Civil War papers: read before the Commandery of the state of Massachusetts, military order of the loyal legion of the United States (Google eBook)
The Commandery, 1900 - Massachusetts
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19th Mass 1st Lieut 1st Mass 24th Mass 2d Lieut 2d Mass 3d Class 44th Infantry 8th Vermont Infantry Acting Asst Adjutant Andersonville army artillery Barbara Fritchie Battalion Battery battle boat Boston Brevet Brigadier Gen'l Brevet Colonel Brevet Lieut Brevet Major Gen'l Burnside BURNSIDE EXPEDITION camp Captain 1st Captain 3d captured Cavalry charge CHARLES CHARLES FAIRCHILD City Point colors command Confederate Conn Corps drill EDWARD enemy enemy's fell fight fire flag Frederick front GEORGE guard guns halted headquarters heard HENRY horse hundred JAMES JOHN killed Libby Prison Lieutenant M.V.M. Boston Maine Infantry Massachusetts miles morning moved musket N.H. Infantry never night officers ordered passed pickets Plank road prisoners rear rebel regiment Reno retired river Roanoke Island sent sergeant shot side soldiers soon Surgeon U.S.N. told troops U.S.N. Boston Union Vermont Infantry vessels Washburn WILLIAM WILLIAM H woods wounded
Page 423 - And the wave of retreat checked its course there, because The sight of the master compelled it to pause. With foam and with dust 'the black charger was gray; By the flash of his eye and the red nostril's play, He seemed to the whole great army to say, "I have brought you Sheridan all the way From Winchester down to save the day!
Page 559 - Believing that the People of Maryland possessed a spirit . too lofty to submit to such a government, the people of the South have long wished to aid you in throwing off this foreign yoke, to enable you again to enjoy the inalienable rights of freemen, and restore independence and sovereignty to your State.
Page 555 - was written in good faith. The story was no invention of mine. It came to me from sources which I regarded as entirely reliable ; it had been published in newspapers, and had gained public credence in Washington and Maryland before my poem was written. I had no reason to doubt its accuracy then, and I am still constrained to believe that it had foundation in fact. If I thought otherwise I should not hesitate to express it. I have no pride of authorship to interfere with my allegiance to truth.
Page 416 - I slept, and dreamed that life was beauty ; I woke, and found that life was duty. Was thy dream then a shadowy lie ? Toil on, sad heart, courageously, And thou shalt find thy dream to be A noonday light and truth to thee.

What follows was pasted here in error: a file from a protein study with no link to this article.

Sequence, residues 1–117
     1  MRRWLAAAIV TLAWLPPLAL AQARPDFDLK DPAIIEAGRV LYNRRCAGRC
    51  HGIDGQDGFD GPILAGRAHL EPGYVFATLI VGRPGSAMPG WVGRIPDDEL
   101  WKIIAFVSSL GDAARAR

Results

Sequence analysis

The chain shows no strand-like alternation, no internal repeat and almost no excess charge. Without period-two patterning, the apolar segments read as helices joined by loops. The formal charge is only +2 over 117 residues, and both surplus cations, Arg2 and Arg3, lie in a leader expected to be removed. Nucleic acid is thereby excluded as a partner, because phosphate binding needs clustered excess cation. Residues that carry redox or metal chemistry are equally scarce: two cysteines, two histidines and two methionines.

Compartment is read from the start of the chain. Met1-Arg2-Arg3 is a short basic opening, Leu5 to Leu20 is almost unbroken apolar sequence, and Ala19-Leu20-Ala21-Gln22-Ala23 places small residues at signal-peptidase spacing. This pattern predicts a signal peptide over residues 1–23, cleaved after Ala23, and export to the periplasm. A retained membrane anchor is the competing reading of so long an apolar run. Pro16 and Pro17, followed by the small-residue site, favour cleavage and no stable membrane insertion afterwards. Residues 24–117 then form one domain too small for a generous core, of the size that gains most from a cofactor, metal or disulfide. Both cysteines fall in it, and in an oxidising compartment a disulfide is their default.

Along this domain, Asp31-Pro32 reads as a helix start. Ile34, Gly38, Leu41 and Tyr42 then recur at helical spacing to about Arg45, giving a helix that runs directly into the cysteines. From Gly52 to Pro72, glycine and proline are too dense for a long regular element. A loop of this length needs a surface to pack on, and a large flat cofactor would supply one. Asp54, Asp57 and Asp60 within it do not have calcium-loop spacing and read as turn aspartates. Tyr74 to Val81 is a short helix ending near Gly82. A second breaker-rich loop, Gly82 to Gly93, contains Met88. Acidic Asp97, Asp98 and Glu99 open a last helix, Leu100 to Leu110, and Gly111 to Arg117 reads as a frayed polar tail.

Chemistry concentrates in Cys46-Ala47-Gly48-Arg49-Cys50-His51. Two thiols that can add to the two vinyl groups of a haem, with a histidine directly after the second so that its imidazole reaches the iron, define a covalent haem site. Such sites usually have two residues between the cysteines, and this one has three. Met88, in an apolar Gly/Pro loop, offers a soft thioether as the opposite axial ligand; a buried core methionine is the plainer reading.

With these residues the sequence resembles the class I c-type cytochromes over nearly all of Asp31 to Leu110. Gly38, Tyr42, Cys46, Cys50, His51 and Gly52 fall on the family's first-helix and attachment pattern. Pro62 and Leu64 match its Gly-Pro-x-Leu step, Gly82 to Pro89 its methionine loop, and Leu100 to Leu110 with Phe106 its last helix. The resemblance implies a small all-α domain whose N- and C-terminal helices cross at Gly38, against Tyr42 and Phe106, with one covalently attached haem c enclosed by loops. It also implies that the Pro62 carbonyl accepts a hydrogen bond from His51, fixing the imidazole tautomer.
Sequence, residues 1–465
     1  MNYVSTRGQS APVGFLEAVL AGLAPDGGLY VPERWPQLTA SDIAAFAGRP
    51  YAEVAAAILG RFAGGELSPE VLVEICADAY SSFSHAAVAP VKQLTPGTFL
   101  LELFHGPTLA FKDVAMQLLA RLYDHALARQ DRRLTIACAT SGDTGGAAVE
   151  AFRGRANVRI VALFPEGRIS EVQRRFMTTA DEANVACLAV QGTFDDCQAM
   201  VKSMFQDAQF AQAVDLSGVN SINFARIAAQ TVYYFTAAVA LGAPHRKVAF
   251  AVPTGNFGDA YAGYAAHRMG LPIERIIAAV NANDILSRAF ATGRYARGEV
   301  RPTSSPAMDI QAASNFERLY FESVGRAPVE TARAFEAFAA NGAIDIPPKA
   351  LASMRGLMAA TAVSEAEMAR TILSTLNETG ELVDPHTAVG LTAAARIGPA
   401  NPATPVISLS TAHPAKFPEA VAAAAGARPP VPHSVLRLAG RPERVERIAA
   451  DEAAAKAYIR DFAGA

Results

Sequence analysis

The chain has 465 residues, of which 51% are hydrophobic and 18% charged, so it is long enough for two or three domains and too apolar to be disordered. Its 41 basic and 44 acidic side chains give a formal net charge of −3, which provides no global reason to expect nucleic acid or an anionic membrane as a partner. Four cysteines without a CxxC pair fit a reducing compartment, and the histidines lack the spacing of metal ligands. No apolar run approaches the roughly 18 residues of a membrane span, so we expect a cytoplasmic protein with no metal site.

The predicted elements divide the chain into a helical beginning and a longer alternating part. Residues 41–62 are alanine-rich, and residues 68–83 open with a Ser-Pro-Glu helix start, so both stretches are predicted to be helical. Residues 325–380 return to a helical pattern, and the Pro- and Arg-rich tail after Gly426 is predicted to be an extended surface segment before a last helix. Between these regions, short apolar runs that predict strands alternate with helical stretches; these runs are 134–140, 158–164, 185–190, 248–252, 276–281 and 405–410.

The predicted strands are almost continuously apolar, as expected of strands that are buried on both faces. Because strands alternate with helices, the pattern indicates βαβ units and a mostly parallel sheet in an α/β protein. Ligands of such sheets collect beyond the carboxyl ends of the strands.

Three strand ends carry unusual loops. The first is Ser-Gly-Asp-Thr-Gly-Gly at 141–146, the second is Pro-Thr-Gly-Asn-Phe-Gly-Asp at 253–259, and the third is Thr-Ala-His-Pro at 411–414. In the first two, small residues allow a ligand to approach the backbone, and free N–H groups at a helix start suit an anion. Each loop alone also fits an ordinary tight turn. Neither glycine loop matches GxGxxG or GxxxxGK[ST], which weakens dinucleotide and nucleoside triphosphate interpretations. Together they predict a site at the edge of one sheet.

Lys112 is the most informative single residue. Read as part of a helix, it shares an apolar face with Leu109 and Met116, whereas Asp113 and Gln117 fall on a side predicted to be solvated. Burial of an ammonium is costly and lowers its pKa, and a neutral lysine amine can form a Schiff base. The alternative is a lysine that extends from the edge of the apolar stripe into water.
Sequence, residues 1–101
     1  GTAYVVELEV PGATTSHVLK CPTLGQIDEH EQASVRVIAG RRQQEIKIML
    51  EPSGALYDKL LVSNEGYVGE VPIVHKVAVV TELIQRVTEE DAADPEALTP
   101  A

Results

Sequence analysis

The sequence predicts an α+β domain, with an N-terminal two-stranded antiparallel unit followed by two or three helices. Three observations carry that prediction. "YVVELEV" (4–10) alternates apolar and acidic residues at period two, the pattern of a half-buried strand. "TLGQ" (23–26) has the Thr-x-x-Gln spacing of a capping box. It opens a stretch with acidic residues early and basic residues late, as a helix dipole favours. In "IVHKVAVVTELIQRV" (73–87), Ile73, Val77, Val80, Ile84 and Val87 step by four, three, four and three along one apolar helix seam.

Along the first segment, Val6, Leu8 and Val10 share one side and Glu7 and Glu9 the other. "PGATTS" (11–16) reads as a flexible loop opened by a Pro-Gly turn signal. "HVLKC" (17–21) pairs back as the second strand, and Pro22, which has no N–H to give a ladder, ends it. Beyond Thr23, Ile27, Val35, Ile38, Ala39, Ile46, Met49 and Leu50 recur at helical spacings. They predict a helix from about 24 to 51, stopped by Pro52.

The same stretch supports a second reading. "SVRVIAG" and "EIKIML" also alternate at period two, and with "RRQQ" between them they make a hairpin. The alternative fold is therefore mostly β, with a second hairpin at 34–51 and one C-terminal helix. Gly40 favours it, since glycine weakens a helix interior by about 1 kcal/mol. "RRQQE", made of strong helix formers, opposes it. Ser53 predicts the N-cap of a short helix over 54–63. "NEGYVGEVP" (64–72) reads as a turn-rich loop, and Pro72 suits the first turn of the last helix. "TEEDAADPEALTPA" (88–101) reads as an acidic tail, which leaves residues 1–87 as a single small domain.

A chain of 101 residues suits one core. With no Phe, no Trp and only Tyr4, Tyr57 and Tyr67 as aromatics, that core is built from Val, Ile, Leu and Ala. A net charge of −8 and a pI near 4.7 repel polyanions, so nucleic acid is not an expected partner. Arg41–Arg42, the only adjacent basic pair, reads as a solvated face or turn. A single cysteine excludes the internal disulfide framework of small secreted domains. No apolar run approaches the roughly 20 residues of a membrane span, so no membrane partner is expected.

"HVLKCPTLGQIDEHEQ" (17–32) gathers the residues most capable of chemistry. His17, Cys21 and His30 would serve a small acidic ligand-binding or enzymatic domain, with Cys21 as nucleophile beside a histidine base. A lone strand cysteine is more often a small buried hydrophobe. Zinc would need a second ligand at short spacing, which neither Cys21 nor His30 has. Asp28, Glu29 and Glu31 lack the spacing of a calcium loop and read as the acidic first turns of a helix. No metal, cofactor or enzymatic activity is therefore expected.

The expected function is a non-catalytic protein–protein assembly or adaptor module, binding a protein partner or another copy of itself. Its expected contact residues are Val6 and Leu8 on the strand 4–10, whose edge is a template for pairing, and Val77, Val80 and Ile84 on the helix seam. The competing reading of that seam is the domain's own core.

Page 496 - In the approaching battle every effort should be made to turn the left flank of the enemy so as to cut off his line of retreat to the Tennessee River, and throw him back on Owl Creek, where he will be obliged to surrender.
Page 559 - To THE PEOPLE OF MARYLAND: — It is right that you should know the purpose that has brought the army under my command within the limits of your State, so far as that purpose concerns yourselves. The people of the Confederate States have long watched with the deepest sympathy the wrongs and outrages that have been inflicted upon the citizens of a commonwealth allied to the States of the South by the strongest social, political, and commercial ties, and reduced to the condition of a conquered province.
Page 430 - Now, I will tell you in great confidence where they are going, if you will promise not to speak of it to any one.' The promise was given, and Mr. Lincoln said, ' Well, now, my friend, the expedition is going to sea.
Page 535 - It gives me unspeakable pleasure to witness this array from the good Old Colony. You have come from the shores of the sounding sea, where lie the ashes of Pilgrims, and you are bound on a high and noble pilgrimage for liberty, for the union and constitution of your country.
Page 535 - ANDREW. 69 and noble pilgrimage for liberty, for the Union and Constitution of your country. Soldiers of the Old Bay State, sons of sires who never disgraced their flag in civil life or on the tented field, I thank you from the bottom of my heart for this noble response to the call of your State and your country. You cannot wait for words. I bid you Godspeed and an affectionate farewell.
Page 553 - is most welcome, and I will find room for it in the October number, most certainly. A proof will be sent to you in a few days. You were right in thinking I should like it, for so I do, as I like few things in this world. The piece must go into your book, of course.